What is HIPAA?

Enacted in 1996, HIPAA is a federal statute that provided guidelines for data privacy and modernized the process of how patients’ health information is maintained and protected. Under HIPAA, there is personally identifiable information in a patient’s medical record that cannot be shared without the patient’s express approval.

Key Takeaways

  • HIPPA stands for the Health Insurance Portability & Accountability Act
  • HIPAA established national standards to protect medical records and other personal health information for the first time.
  • HIPAA holds violators accountable for violating patients’ privacy using both civil and criminal penalties.
  • HIPAA has become increasingly important as electronic medical records are becoming more prominent as healthcare becomes increasingly digitized.
What is HIPPA

What is protected under HIPAA? 

There is specific data and information that HIPAA protects. Now, as electronic medical records are widespread in healthcare, a new wave of HIPAA concerns are rising, such as data mining, identity theft, and cyber-attacks. 

Most information that makes a patient identifiable cannot be shared without the patient’s express decision to do so. So, what information is protected?

  • Any information that health professionals and providers put in your medical record

  • Conversations your health professional has about the patient with other health professionals regarding care or treatment

  • The patient’s billing information 

  • Any information regarding a patient that is in a health insurance database

HIPAA is not just a protective mechanism for accessing medical information. It also provides a more accessible way for patients to see their medical records and for those records to be shared to coordinate treatment plans and provide continuity of care. When utilized correctly, electronic health records have been instrumental in increasing efficiency in health care. 

Who needs to follow HIPAA

These are called “covered entities” and include:

  • Health Plans: HMOs

  • Medicare/Medicaid, company plans and any health insurance company

  • Most healthcare providers, especially those that use electronic health records including billing information 

Other entities that may have access to health information when providing services to these covered entities are also responsible under HIPAA and are called “business associates.” These include:

  • Companies that are in charge of storing or destroying medical records

  • Lawyers, accountants, IT specialists, etc.

  • Companies that are conduits for health plans, billing, and claims

Who does NOT need to follow HIPAA

There are some organizations that do not have to follow these laws, including:

  • Life insurers

  • Employers

  • Most schools and school districts

  • State agencies such as child protective services

  • Most law enforcement agencies

  • Most municipal offices

When covered entities can disclose protected health information

Covered entities are sometimes allowed to use and disclose someone’s protected health information without their authorization in situations such as:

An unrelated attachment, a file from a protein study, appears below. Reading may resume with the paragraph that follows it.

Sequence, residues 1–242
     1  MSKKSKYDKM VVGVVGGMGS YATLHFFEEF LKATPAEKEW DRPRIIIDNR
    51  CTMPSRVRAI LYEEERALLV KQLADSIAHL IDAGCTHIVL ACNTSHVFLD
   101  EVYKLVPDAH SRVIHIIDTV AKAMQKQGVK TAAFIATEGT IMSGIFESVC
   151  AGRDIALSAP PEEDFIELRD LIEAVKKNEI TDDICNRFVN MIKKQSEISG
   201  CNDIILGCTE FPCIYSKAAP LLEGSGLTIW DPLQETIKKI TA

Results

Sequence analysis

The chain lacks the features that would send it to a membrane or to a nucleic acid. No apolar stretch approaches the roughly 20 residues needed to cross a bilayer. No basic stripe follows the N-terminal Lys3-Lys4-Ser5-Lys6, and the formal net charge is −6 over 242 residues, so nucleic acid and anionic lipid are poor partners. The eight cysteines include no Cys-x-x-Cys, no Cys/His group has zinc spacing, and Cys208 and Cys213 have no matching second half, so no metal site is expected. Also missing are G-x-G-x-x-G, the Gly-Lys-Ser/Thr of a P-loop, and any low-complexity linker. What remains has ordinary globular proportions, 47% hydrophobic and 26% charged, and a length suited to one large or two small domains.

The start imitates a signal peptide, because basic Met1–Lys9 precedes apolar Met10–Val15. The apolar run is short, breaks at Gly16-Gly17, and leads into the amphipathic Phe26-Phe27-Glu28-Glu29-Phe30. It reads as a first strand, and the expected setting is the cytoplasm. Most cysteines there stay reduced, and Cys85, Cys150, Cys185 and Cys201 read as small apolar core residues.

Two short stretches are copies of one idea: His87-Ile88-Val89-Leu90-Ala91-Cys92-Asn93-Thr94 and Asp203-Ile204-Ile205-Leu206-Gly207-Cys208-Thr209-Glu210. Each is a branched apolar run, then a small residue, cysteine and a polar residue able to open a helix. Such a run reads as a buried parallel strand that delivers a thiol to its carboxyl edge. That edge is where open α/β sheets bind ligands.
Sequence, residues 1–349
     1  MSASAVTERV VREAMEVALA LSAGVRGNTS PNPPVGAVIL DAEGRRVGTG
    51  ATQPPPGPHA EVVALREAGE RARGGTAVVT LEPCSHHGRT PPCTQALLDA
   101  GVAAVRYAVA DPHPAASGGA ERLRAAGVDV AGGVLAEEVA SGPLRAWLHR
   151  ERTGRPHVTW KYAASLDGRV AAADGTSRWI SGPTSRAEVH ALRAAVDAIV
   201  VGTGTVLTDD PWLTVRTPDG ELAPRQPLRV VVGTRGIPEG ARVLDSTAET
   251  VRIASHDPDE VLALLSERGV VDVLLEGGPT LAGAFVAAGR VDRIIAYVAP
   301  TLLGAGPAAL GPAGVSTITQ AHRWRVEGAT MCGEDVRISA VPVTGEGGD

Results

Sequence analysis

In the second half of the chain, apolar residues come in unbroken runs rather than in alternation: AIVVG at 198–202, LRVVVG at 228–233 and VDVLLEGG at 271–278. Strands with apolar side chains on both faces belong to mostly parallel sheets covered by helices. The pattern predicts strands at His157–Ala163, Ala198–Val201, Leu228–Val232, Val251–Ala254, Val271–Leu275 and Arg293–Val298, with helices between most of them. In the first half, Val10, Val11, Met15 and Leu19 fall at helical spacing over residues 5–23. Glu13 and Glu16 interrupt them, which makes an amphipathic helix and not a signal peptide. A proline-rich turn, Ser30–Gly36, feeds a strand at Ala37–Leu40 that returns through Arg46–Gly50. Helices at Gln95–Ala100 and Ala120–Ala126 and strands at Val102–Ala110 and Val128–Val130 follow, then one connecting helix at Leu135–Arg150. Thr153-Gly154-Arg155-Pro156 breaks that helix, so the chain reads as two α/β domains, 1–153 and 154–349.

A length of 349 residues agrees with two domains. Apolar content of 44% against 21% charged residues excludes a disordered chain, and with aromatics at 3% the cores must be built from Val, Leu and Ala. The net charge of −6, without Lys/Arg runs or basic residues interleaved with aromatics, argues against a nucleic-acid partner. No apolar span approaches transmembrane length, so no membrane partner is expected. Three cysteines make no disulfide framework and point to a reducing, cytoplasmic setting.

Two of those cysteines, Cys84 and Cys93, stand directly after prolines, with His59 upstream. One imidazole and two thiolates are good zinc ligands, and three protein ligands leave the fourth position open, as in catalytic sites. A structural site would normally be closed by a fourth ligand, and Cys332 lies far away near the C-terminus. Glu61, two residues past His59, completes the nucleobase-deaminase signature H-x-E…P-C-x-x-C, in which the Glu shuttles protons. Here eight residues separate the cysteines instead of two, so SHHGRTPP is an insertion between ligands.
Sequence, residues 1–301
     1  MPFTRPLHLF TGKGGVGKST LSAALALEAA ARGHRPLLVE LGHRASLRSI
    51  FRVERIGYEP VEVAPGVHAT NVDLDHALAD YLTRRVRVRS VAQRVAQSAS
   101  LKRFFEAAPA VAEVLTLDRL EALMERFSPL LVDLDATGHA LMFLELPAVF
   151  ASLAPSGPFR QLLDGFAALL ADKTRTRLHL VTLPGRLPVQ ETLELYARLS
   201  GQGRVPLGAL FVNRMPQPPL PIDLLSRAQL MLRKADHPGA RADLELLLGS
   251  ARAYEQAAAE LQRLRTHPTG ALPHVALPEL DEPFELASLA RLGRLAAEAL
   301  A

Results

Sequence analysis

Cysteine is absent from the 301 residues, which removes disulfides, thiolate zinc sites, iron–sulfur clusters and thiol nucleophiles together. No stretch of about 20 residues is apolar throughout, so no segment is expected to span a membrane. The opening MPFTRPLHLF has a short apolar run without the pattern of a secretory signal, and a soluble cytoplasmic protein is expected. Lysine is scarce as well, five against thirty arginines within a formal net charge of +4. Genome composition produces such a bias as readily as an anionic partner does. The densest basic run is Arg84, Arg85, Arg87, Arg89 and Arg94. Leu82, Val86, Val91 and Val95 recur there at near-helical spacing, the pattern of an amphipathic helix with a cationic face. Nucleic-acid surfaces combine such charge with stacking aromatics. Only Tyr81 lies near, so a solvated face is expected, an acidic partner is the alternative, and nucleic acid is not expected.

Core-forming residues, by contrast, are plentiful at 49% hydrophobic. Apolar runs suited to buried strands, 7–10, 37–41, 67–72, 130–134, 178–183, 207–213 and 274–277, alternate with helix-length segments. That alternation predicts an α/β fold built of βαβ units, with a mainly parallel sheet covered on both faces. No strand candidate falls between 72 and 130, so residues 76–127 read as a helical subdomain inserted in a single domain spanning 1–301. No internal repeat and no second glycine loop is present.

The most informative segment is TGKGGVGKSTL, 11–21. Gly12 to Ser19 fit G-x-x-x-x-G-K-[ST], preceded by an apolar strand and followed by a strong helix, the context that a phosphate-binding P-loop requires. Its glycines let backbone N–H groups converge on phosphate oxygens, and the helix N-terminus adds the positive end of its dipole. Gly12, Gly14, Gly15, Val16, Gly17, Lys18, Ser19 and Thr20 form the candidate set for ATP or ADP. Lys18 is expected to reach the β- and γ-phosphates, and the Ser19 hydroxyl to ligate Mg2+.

• Disclosing their medical information to themselves 

  • Communicating treatment, payment, and healthcare operation plans to those in charge of managing these

  • Supporting public interest and benefit, including 12 national priority purposes

    • When required by law

    • Public health activities

    • Victims of abuse/neglect/domestic violence

    • Health oversight activities

    • Judicial and administrative proceedings

    • Law enforcement

    • Functions (such as identification) concerning deceased persons

    • Cadaveric organ/eye/tissue donation 

    • Research under certain conditions

    • To prevent or lessen a serious threat to health or safety

    • Essential government functions

    • Workers Compensation

HIPAA during the new wave of telemedicine

Telemedicine has been up and coming for the past couple of years and has gained a lot of traction because of COVID-19. Several changes were made during the pandemic to make health delivery more accessible. Some of these changes were directly pushed for due to the pandemic. 

Starting in April 2020, penalties were not enforced against providers utilizing telehealth services via applications that are not fully compliant with HIPAA, such as Zoom, FaceTime, and Google Hangouts. This was made possible under the “good faith” clause in HIPAA that allows for special circumstances to be taken into account when allowing for such uses in telemedicine. 

A new “Right of Access” initiative rule is also being considered soon. If passed, it would require healthcare providers to give patients access to their own health information electronically without exorbitant fees or long wait times. This initiative would also allow health information exchanges to share health information with public health authorities, even without express permission from a covered entity. 


Outside the Huddle


Reviewed by Geetika Rao, MPH | Edited by and Fact checked by Jared Dashevsky, M.Eng.